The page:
Although not commonly used for streetlighting today, fluorescent lighting was an option from the late 1950s into the 1970s. General Electric introduced these luminaries in the mid-to late 1950s and was the leading manufacturer of fluorescent streetlights with several sizes available by 1959. Their smallest one - the Form 202-S - was a two lamp fixture that accommodated two-foot long lamps providing a total light output of 2,880 lumens. Larger fluorescent streetlighting luminaries were their: Form 204-S that provided 7,200 lumens, utilizing two four-foot, rapid start (RS) lamps; Form 206-S, rated at 11,500 lumens, employing two six-foot RS lamps; and their Form 406-S, at 23,000 lumens, General Electric's largest, containing four six- foot RS lamps.
The latter was built with an integral multiple operation ballast, but was optionally available with either a series operation isolation transformer or without any internal auxiliary equipment for metal pole base installation of a series transformer. The 406-S is probably the largest streetlighting luminarie ever built (see photo within this section). All fluorescent lamps used for streetlighting in the above fixtures produced cool white light and had recessed double contact bases.
A significant increase in light output was made possible by using General Electric's "Power Groove" fluorescent lamps within their fixtures. Utilizing them in their small Form 204-S provided 12,000 lumens (a 67% increase); the 206-S with these lamps provided a 62% increase (18,600 lumens) and installing them in their big Form 406-S resulted in the same percentage increase in light output, resulting in an impressive 37,200 lumens. Power Groove lamps were similar to standard straight tubular fluorescents except they were designed so that the tube had equally spaced indentations on one side with a corresponding ridge on the other side. Power Groove lamps became very popular, especially for exterior lighting applications.
The advantages of fluorescent streetlighting were high luminous efficiency, long lamp life and excellent color rendition. Fluorescent streetlighting fixtures were a somewhat common sight throughout the 1960s, particularly in the East and Midwest.
The earliest fluorescent streetlighting luminaries manufactured by General Electric were finished in natural aluminum on their upper exterior with a hinged clear plastic diffuser or protector that enclosed the lamps. An internal polished aluminum reflector was included inside for desired light distribution. By 1966 General Electric's fluorescent streetlighting fixtures were painted light gray on their upper portion and were slightly less cumbersome than their predecessors. Although there is no catalog reference to the fact, it is probable some of General Electric's multiple operation fluorescent streetlighting luminaries were provided with a photocontrol receptacle as an option. Most of their fluorescents were designed to fit upon two-inch diameter pipe arm brackets. The metal poles that supported the larger luminaries were tubular with extra heavy-duty bracket arms affixed to them supplemented by under-supports. Many of these poles with their beefy bracket arms still stand, with newer luminaries on them.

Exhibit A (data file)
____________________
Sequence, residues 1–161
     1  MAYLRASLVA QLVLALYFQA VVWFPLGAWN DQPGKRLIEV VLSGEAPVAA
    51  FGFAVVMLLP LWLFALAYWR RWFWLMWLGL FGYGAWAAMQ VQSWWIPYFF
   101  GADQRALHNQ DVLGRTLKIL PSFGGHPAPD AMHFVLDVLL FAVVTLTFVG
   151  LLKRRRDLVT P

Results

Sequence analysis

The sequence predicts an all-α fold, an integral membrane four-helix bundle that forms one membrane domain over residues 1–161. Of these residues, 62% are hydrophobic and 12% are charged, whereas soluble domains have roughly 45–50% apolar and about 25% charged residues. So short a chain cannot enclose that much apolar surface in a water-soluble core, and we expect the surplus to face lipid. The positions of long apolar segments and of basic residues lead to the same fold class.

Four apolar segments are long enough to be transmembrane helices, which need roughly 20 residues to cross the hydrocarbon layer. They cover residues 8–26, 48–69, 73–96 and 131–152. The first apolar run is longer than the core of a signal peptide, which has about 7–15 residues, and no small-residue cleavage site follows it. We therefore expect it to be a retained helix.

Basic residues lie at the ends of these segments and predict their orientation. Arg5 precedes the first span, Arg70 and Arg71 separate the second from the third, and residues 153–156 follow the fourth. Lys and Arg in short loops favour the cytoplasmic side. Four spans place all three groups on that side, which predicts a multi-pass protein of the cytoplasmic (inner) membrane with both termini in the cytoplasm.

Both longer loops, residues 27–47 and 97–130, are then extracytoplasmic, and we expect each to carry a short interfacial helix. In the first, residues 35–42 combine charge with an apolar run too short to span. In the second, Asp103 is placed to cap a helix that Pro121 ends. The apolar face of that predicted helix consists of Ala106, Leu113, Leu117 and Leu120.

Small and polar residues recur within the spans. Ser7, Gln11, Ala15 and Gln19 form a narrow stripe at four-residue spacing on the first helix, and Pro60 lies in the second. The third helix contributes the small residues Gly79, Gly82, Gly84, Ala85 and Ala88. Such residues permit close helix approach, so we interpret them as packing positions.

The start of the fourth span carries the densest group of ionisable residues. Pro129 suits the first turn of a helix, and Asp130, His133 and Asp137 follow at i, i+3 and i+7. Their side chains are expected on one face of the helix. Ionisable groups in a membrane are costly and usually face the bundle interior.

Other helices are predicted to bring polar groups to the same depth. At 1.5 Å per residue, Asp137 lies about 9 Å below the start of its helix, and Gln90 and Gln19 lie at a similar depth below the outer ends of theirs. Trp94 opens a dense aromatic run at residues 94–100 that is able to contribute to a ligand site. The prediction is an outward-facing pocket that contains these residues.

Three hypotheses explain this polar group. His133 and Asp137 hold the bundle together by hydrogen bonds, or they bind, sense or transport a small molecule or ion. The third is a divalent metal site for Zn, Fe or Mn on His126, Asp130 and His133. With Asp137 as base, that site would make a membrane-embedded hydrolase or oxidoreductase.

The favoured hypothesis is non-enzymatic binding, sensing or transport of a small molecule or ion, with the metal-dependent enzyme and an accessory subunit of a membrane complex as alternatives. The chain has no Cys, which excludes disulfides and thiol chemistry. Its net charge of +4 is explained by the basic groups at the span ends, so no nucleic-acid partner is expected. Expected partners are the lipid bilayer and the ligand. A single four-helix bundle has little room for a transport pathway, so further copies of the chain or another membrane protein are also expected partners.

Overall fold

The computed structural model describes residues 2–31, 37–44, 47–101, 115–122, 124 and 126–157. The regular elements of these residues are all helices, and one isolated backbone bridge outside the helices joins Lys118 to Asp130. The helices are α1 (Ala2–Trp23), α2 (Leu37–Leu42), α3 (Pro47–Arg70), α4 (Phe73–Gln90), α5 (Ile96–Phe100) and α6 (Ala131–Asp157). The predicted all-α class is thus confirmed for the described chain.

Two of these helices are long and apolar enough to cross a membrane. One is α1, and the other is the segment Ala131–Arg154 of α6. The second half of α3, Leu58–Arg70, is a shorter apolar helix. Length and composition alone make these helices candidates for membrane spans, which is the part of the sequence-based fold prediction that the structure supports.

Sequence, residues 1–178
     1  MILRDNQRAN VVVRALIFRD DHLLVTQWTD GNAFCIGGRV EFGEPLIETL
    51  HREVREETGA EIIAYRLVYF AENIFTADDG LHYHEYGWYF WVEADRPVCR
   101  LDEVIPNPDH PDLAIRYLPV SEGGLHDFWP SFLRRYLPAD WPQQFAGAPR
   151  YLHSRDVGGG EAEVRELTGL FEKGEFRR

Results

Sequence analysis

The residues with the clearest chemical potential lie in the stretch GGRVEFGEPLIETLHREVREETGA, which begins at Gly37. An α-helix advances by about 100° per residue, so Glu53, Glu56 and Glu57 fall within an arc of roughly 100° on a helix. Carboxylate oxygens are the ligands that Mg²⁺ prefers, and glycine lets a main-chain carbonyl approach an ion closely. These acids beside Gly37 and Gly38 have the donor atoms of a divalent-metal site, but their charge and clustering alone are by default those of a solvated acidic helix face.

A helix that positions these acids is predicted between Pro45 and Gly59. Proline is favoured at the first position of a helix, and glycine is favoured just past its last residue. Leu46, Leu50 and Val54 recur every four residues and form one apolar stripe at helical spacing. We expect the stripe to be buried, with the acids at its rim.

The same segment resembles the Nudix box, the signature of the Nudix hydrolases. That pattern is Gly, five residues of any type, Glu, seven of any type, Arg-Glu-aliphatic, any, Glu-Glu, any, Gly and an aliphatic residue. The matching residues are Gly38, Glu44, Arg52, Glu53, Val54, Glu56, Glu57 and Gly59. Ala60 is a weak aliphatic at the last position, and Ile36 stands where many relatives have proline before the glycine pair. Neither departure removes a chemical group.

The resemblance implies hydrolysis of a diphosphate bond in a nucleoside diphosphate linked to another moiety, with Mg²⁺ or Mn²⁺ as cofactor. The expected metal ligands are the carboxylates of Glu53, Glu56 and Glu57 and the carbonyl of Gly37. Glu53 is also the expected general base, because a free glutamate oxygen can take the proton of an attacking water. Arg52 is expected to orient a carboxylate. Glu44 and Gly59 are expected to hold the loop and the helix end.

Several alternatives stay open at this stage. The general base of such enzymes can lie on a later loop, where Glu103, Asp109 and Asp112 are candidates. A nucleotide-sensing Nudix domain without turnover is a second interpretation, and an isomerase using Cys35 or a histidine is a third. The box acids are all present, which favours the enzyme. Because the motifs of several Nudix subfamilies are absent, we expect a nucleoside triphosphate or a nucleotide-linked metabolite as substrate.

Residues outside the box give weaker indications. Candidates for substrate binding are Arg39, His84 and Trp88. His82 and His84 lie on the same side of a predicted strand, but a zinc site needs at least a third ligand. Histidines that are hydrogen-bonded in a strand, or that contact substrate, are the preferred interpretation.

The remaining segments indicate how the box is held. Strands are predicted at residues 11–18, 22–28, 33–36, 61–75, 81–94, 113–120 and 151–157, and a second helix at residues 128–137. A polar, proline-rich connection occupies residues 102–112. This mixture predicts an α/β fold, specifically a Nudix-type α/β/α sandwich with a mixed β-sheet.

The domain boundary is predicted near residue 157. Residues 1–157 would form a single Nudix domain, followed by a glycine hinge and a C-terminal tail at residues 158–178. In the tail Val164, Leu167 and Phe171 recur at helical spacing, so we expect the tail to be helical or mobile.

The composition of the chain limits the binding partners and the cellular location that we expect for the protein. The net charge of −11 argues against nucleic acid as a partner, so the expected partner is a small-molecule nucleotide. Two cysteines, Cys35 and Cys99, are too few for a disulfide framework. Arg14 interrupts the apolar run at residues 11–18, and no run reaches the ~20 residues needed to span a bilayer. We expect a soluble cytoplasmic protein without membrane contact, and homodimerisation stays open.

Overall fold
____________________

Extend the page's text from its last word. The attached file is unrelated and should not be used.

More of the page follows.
General Electric and likely the other manufacturers discontinued fluorescent streetlighting luminaries by the early 1970s. Mercury vapor and newly introduced light sources such as high pressure sodium and metal halide were competition since the quality of light, lamp life, and light output efficiency were almost equal. One of the drawbacks of fluorescent lights in general is that they typically do not provide optimum light when operated in cold temperatures (below 32 Fahrenheit). The luminaries utilized for fluorescent streetlighting were big and bulky and were less impressive aesthetically in the public's view than other contemporary light source luminaries which were far more compact.
Many fluorescent streetlighting installations remained in service throughout the 1970s; however by the end of that decade most were replaced by other light sources, particularly high pressure sodium. Contributing to the demise of fluorescent streetlighting luminaries was the fact that replacement parts were becoming difficult to obtain after the fixtures were discontinued. Many communities that converted from fluorescent to smaller, more compact streetlighting luminaries discovered that their newly upgraded light sources not only were more pleasing to the eye during the daytime; their new luminaries also provided much improved light distribution and control.
By the late 1980s fluorescent streetlights were a rare sight and by the early 1990s they were practically extinct. Like many other streetlighting luminaries of yesteryear discussed within this website, the fluorescents became victims of vanishing Americana. The only fixtures that may still be seen in service are most probably privately owned, such as within parking lots, etc.
GE Form 406-S luminarie mfd. 1958
GE Form 206-S luminarie mfd. 1968
1959 Graybar catalog
1959 Graybar catalog
1959 Graybar catalog
1959 Graybar Catalog
(c) 1998 by Joe Maurath, Jr.
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